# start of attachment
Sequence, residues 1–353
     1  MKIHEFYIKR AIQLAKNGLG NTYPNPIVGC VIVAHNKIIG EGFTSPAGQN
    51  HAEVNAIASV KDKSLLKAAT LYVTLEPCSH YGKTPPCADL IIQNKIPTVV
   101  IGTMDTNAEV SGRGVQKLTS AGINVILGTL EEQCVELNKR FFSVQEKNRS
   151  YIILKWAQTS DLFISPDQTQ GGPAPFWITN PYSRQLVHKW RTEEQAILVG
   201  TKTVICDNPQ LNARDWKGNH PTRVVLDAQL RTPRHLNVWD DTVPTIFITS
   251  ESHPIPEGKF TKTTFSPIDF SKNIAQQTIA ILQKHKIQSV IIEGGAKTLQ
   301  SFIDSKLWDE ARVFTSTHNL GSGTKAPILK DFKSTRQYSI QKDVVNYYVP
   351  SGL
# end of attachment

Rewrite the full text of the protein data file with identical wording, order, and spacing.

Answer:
Sequence, residues 1–353
     1  MKIHEFYIKR AIQLAKNGLG NTYPNPIVGC VIVAHNKIIG EGFTSPAGQN
    51  HAEVNAIASV KDKSLLKAAT LYVTLEPCSH YGKTPPCADL IIQNKIPTVV
   101  IGTMDTNAEV SGRGVQKLTS AGINVILGTL EEQCVELNKR FFSVQEKNRS
   151  YIILKWAQTS DLFISPDQTQ GGPAPFWITN PYSRQLVHKW RTEEQAILVG
   201  TKTVICDNPQ LNARDWKGNH PTRVVLDAQL RTPRHLNVWD DTVPTIFITS
   251  ESHPIPEGKF TKTTFSPIDF SKNIAQQTIA ILQKHKIQSV IIEGGAKTLQ
   301  SFIDSKLWDE ARVFTSTHNL GSGTKAPILK DFKSTRQYSI QKDVVNYYVP
   351  SGL